Branding the situation an 'outrage' for American taxpayers, who control around 80% of the company, the US President said that AIG had fallen into financial distress due to "recklessness and greed" and questioned the justification for paying out staff bonuses. Mr. Geithner was instructed to "pursue every legal avenue to block" some $165m of payments due immediately to members of AIG's London-headquartered Financial Products team, including what are thought to be several multi-million dollar pay-outs for a number of key British staff. In a hard-hitting series of comments President Obama took aim at the Financial Products team, responsible for a $40.5bn loss last year which in large part drove AIG to the brink of collapse, saying "it's hard to understand how derivative traders at AIG warranted any bonuses." AIG intends to pay out $450m within the next few weeks – part of an overall compensation pool of $1.2bn. – UK Telegraph
Dominant Social Theme: Greedy guys at AIG.
Free-Market Analysis: This is pretty incredible. AIG got into trouble playing the derivatives games. It "swapped" risk-based contracts and took fees, but never set aside funds as it would with ordinary insurance risk. Additionally, there is probably nothing wrong with derivatives under a gold standard. But it was "easy" fiat money that allowed AIG to create the derivatives and take the risk in the first place. Derivatives, all US$400 trillion, (most not unwound yet) are nothing but the biggest fiat money bubble of all. Bigger than "tech," bigger than the mortgage bubble – these derivatives are pure speculation, but because they are so contractually obscure, and overwhelming, until they are dealt with, the rest of the financial system will doubtless remain in some sort of paralysis.
Here is how AIG's derivatives business worked, according to an email response to an article on the AIG fiasco in the Dallas Morning News. We don't know the attribution, and we wouldn't ordinarily publish an unattributed email, but it is a good summary that rings true, confirming what we already understand about the way the AIG pursued its derivatives business and why it got into trouble.
The problem [is that] AIG didn't sell "insurance" because "insurance" is a regulated product that requires the insurer (AIG) to maintain a pool of cash to pay out for losses. What AIG sold were contracts that indemnified (mostly) investment banks from losses on certain investments they held (mostly mortgage backed securities, but AIG would sell you a swap on just about anything). These contracts (the credit default swaps) were unregulated and didn't force AIG to maintain any sort loss pool, so they didn't. Money went in to AIG when the banks bought the swaps and instantly fell to the bottom line as profit. Another side effect of the way AIG was selling the default swaps: Once they sold a swap on a set of securities, those securities would have their credit rating raised to match AIG's perfect AAA rating. Because they were indemnifying the underlying securities, it no longer mattered what they were, just the odds that AIG would pay off in the end.
The Dallas Morning News article, not excerpted above, has harsh words for another part of the AIG crisis – the places where the government bailout money went (apparently over US$100 billion by now though it is difficult to keep track.) "Billions and billions of taxpayer dollars went to pay off investment banks — Goldman, JPMorgan, et al. — who bought credit-default swap policies from AIG, which AIG could not pay out on. These are the same firms who spent gobs of cash successfully lobbying Democrats and Republicans for years to keep government oversight of derivatives and credit-default swaps at bay."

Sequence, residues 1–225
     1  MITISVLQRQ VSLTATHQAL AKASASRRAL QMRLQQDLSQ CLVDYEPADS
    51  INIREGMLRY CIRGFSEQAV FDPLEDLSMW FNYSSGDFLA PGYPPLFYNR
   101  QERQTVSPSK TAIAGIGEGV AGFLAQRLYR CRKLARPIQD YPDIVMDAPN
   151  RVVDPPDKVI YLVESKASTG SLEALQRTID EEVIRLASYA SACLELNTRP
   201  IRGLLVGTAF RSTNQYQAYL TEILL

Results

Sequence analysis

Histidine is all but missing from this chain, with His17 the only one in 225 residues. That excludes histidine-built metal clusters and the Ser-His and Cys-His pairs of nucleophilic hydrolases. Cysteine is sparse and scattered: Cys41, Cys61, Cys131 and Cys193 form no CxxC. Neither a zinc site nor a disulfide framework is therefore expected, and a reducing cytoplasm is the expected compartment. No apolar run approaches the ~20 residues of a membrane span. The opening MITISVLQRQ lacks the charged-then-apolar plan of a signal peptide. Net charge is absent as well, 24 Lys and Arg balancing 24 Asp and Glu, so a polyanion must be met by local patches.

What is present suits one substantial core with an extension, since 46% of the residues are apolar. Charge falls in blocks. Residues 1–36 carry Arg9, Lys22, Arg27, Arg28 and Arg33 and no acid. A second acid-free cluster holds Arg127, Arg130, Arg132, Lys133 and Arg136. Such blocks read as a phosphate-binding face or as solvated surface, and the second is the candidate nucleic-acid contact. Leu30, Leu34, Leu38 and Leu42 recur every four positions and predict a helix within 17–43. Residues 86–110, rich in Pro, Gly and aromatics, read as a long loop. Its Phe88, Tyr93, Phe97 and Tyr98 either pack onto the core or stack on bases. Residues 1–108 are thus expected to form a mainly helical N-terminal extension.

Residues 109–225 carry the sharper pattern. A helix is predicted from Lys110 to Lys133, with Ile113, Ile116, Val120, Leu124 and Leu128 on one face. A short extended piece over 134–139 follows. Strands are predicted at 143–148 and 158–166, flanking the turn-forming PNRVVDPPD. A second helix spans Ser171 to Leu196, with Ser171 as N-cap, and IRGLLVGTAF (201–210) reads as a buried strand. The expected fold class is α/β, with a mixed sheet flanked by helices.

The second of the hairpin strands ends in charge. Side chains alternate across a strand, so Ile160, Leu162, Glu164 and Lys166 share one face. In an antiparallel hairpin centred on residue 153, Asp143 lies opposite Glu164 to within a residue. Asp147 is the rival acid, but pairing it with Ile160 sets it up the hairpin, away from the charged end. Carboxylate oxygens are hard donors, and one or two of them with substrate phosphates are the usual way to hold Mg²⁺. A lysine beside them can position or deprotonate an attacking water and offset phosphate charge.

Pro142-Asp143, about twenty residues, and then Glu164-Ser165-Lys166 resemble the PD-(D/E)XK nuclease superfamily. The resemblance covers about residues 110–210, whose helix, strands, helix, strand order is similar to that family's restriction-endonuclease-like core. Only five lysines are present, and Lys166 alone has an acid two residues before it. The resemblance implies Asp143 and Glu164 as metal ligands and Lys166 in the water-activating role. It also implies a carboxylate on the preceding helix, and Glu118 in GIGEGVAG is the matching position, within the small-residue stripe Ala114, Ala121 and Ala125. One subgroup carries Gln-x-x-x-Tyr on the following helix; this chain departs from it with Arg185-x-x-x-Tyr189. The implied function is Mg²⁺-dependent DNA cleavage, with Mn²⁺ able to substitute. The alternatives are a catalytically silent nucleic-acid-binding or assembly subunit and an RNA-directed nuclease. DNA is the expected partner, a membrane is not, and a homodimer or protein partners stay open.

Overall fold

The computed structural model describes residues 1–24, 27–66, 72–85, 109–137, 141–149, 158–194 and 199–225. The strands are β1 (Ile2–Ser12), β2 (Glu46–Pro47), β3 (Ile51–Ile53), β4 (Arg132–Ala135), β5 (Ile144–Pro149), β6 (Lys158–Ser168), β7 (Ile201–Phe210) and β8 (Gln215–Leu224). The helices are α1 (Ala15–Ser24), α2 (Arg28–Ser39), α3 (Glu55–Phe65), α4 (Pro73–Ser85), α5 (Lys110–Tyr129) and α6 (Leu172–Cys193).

OK, so let's take a deep breath and summarize. AIG was a reinsurer of insurers but several years ago it slowed its normal course of business and revved up its swaps business. These swaps were trades in which AIG certified that it would make good on any losses, but didn't put money aside to cover potential losses. When the bill came due, AIG went to the US federal government which basically made good on the promises that AIG had made. Thus the counterparties were made whole – and these counterparties were among the biggest American and European financial entities. As we have already indicated, the AIG bailout was actually a bailout of the larger financial industry. That was the reason for the bailout. Without it, Wall Street, and who knows, maybe London's City big banks would have gone down sooner and harder.
To fulminate about AIG bonuses is to miss the point. There is no way that America's largest insurer could have or would have taken such risks were not the entire system corrupt from bottom to top. AIG's top people were not foolish, anymore than the rest of Wall Street. At this point moral hazard hardly exists. AIG execs probably figured if things soured they would be bailed out. And they were. Now they are busily dispensing bonuses to the same people who made the bad bets. And what can anyone in Washington do but fulminate? It's rank hypocrisy, but that is how the game is played. Return to an honest money system and this sort of nonsense diminishes to almost nothing. Speculation like this is an inevitable side effect of fiat money. Back money with an asset and you won't get it again. The problems have almost nothing to do with regulation and everything to do with a corrupted money supply. Washington probably won't go there, though. It will gladly fix the salaries of corporate America from top to bottom before it will even attempt to deal with root causes. And actually, it likely never will.